The taste of a garden tomato is far superior to what you buy at the supermarket, making tomatoes one of the most popular plants in home gardens across the United States. Some gardeners choose to start their tomato plants from seed indoors, but you can also purchase young plants that are ready to be set into the ground. Because tomatoes are a warm-season vegetable, they should not be transplanted outdoors until the threat of frost has passed. Soil temperature should be at least 60 degrees F before planting tomatoes outdoors, according to the University of Missouri Extension.
Choose a location for planting your tomatoes. Tomatoes thrive in hot, sunny spots and will do best with a well-draining soil containing a lot of organic matter.
Remove rocks, sticks, weeds and other debris from the planting site.
Dig a hole for the plant. Tomatoes should be planted 1 to 2 inches deeper than they were originally grown, according to the University of West Virginia Cooperative Extension Service. Plants grown in peat pots can be set in the ground still in the peat pot, but be sure the entire pot is underground after planting.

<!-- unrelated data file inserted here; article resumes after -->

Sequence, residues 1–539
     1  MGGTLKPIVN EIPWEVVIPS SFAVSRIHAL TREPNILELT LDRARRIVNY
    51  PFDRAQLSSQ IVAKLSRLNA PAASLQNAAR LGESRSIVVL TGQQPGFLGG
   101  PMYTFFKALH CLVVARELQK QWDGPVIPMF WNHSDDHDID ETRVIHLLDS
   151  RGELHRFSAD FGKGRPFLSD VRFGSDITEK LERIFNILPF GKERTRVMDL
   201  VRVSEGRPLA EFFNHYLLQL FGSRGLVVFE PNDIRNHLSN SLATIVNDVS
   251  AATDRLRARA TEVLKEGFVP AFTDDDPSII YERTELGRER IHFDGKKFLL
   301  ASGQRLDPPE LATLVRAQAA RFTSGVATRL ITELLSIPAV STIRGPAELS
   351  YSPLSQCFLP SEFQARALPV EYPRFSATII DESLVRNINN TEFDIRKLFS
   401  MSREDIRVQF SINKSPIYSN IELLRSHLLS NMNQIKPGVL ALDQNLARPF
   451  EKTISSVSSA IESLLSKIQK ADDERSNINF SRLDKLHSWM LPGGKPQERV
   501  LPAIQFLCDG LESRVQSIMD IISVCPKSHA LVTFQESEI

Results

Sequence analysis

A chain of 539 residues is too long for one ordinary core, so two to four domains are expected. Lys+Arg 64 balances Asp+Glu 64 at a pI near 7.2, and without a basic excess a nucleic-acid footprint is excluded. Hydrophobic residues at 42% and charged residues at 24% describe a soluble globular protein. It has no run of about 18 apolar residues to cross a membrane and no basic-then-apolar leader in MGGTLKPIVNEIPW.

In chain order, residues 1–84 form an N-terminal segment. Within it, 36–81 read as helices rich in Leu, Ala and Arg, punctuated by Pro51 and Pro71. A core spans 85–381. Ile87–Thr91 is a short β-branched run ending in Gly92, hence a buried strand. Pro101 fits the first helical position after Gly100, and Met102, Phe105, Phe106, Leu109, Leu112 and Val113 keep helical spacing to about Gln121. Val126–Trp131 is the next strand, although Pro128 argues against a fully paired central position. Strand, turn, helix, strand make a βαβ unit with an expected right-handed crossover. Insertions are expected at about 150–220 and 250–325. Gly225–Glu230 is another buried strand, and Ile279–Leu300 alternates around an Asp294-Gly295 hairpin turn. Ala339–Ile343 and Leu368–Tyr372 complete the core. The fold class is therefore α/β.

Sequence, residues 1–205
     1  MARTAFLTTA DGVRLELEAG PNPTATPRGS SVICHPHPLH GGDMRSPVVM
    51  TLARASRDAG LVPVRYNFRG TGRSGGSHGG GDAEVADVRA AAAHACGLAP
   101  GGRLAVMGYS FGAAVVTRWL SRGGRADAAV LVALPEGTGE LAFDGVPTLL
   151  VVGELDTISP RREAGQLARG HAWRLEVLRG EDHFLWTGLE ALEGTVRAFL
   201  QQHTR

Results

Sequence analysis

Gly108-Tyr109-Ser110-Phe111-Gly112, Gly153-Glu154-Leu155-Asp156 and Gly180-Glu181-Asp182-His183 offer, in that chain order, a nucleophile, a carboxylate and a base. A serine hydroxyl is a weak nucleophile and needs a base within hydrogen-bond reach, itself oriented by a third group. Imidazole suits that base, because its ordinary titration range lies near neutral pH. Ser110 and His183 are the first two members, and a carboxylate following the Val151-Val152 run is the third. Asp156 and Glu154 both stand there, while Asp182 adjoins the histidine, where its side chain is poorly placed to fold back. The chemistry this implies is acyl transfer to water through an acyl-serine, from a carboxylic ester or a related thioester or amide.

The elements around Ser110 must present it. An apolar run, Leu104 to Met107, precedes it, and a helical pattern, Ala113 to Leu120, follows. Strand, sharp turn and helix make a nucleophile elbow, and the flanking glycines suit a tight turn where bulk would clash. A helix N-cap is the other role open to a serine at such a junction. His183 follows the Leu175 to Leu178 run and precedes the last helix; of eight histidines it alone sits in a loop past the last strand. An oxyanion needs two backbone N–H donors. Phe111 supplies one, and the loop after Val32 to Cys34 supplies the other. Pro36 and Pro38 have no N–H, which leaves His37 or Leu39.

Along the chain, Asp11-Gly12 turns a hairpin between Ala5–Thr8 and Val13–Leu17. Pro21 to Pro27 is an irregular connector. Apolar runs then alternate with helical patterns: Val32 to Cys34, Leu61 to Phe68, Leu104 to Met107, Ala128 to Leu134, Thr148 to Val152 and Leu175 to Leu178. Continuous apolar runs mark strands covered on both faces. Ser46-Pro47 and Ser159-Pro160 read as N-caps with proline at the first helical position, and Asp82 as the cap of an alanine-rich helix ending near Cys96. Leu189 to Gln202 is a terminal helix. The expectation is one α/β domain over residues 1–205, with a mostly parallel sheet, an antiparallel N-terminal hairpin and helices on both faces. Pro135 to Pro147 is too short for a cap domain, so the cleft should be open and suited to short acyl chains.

Fill the hole in with the surrounding soil, packing it down firmly to remove pockets of air.
Apply a water-soluble starter fertilizer to the plants immediately after planting, according to the University of Illinois Extension. Follow label directions with regards to how much to apply to each plant. When applying fertilizer, do not let it come into contact with the plant's stems or leaves because they can be damaged.
Water the tomato plants after planting. Tomatoes are 95 percent water and need to be watered consistently to grow, according to the University of Missouri Extension. Make sure the plants get 1 inch to 2 inches of water each week.
Place a cage around your plant or install a stake behind it to provide support for growth. Stakes should be set about 4 inches from the plant and should be driven about 1 foot into the ground.